ROME – The Christian church today needs believers who witness each day to the power of God's love, but it also needs the heroic witness of those who stand up to hatred even when it means giving up their lives, Pope Francis said.
VATICAN CITY – On Divine Mercy Sunday Pope Francis said mercy is essential in living the Christian life, because it not only allows us to understand ourselves and God better, but it also prompts us to recognize and help those in need.
VATICAN CITY – While conversion and prayer are at the heart of Mary's messages at Fatima, Portugal, the miracles and unexplained phenomenon that accompanied the events 100 years ago continue to intrigue believers and nonbelievers alike.
VATICAN CITY – When it comes to Marian apparitions, the Catholic Church takes a prudent approach that focuses more on the message than the miracle.
WASHINGTON – A new study categorizes what kinds of responses emerge when Christians around the world are persecuted, noting that, most often, Christians choose a strategy of survival.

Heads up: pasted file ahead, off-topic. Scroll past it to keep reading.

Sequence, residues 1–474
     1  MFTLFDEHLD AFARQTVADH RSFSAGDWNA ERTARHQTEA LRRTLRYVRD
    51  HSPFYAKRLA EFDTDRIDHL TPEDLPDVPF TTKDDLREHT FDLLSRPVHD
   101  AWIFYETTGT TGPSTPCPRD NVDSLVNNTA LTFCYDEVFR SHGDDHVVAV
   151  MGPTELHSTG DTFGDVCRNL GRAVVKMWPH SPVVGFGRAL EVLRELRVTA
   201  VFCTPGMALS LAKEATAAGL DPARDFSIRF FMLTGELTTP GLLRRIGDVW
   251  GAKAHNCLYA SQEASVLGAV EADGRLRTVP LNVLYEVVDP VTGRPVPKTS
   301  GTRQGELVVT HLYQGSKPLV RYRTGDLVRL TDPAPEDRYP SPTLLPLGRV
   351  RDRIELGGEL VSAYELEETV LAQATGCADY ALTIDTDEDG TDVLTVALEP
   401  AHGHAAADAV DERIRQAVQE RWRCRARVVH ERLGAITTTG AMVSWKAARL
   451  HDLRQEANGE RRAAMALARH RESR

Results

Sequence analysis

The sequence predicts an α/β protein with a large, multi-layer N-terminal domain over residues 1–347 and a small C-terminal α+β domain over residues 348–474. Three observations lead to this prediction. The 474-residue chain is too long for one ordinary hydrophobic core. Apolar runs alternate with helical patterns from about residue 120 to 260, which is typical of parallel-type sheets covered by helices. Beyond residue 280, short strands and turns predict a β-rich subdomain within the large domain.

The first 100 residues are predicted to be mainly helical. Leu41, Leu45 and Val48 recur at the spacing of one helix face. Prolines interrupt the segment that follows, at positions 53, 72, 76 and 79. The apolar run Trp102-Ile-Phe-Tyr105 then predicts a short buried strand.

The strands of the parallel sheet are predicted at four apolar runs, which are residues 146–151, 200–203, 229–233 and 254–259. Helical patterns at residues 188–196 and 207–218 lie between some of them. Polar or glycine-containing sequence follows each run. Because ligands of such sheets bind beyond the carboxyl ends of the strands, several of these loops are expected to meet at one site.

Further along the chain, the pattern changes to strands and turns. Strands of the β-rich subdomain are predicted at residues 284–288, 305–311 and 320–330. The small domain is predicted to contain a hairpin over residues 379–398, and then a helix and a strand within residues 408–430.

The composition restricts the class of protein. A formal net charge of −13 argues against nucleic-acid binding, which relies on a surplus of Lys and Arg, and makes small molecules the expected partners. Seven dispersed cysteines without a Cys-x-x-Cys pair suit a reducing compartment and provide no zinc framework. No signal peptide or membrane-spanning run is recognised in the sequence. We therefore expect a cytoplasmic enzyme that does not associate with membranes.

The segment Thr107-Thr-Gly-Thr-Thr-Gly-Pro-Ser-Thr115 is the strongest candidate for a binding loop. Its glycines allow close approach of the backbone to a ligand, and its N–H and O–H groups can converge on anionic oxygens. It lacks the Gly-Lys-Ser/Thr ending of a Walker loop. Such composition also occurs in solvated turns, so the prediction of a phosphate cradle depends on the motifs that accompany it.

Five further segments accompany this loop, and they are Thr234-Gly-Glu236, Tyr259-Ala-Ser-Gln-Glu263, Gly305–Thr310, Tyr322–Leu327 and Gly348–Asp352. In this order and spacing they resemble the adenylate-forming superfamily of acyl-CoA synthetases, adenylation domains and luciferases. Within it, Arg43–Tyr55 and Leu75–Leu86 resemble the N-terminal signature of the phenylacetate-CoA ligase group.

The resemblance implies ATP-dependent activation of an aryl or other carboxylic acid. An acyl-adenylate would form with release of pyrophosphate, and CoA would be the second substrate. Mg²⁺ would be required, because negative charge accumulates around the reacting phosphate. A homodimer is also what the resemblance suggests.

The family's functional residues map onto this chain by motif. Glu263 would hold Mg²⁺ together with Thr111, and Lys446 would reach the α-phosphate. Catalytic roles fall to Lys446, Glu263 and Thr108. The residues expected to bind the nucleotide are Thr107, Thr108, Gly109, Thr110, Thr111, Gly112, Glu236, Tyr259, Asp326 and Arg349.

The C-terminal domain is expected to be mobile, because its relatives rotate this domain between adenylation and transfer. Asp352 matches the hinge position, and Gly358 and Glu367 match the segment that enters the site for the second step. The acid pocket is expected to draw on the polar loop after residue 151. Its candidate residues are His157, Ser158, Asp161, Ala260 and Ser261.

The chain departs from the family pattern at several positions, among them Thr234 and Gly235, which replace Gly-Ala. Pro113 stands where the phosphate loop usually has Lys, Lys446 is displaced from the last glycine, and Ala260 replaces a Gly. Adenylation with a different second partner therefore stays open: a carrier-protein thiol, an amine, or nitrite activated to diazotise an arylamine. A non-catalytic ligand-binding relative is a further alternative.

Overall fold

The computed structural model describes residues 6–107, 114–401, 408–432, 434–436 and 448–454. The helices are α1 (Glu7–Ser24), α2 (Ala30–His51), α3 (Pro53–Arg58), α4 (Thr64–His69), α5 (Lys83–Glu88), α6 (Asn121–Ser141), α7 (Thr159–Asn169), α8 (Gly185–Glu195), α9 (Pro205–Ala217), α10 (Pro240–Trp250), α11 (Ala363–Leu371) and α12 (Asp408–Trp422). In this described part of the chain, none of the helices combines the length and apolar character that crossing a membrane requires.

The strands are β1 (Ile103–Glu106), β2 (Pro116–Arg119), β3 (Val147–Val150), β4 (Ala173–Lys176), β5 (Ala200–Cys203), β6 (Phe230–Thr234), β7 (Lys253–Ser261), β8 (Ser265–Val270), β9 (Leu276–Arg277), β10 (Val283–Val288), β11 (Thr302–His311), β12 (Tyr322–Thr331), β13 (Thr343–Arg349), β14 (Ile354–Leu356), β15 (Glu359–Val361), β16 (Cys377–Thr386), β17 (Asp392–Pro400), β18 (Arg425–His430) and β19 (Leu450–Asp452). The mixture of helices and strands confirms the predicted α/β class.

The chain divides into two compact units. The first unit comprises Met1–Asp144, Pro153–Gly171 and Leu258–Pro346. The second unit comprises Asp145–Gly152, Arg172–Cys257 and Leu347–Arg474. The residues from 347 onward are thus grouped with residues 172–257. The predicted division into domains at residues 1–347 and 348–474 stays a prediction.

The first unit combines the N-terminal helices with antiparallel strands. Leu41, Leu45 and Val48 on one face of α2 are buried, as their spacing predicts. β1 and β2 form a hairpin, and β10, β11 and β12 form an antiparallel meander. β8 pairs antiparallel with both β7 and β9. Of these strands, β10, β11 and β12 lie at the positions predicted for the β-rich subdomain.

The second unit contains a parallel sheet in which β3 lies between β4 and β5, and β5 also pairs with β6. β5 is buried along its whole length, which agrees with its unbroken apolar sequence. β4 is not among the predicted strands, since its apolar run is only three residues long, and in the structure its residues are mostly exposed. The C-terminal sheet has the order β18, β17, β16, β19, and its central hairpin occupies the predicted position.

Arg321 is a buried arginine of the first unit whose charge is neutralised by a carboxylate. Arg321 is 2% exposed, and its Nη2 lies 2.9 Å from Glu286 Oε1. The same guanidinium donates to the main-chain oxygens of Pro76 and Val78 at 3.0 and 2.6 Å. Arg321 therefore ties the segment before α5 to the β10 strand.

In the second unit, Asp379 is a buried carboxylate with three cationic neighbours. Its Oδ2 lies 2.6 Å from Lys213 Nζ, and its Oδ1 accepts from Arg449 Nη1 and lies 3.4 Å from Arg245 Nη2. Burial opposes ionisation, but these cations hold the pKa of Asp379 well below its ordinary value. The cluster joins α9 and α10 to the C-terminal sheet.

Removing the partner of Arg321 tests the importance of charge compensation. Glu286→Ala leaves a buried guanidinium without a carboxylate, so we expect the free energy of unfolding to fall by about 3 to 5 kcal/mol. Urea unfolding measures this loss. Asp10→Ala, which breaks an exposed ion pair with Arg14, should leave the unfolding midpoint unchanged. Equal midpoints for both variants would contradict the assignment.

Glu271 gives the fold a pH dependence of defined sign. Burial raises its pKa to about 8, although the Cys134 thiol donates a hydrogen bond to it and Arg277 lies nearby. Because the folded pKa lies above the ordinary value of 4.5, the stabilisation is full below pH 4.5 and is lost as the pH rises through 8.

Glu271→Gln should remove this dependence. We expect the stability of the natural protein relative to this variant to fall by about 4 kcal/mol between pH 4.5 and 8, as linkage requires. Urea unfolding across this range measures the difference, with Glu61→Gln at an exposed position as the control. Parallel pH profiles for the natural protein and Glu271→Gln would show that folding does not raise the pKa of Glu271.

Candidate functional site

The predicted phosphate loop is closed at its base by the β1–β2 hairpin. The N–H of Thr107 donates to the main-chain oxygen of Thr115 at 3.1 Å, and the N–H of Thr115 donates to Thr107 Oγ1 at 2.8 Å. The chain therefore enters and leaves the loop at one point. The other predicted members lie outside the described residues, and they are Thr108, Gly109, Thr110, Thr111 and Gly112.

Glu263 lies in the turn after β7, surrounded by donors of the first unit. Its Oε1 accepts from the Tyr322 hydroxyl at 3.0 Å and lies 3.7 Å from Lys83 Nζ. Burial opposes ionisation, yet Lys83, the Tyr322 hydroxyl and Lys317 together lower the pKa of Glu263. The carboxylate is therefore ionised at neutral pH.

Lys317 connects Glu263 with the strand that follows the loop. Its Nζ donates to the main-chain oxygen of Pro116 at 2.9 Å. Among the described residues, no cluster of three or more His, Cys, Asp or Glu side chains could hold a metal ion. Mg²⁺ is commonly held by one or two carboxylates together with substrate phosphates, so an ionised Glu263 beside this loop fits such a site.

SANTIAGO, Chile – In the process of declaring the nullity of marriage there is a position of utmost importance which allows the judges to reach the moral certainty required to make their judgement: the office of the defender of the bond.
VATICAN CITY – Pope Francis will declare the sainthood of Blessed Jacinta Marto and Blessed Francisco Marto, two of the shepherd children who saw Mary in Fatima, Portugal, during his visit to the site of the apparitions May 13.
VATICAN CITY – Like St. Francis of Assisi did, the Catholic Church and individual Christians must follow Christ by imitating his willingness to give up everything for the sake of others, Pope Francis said.
CHICAGO – Natalie Martha Loya sits in the front pew of the Byzantine Catholic Cathedral of St. John the Baptist in Parma, Ohio, every Sunday morning.
VATICAN CITY – As extraordinary as the apparitions at Fatima, Portugal, nearly 100 years ago were, the sanctity of the shepherd children did not hinge on their having seen Mary, a cardinal said.
WASHINGTON – Catholics and other Christians have grown up believing in the Resurrection, but the Apostles themselves were among the first who were skeptical that Jesus arose from the dead.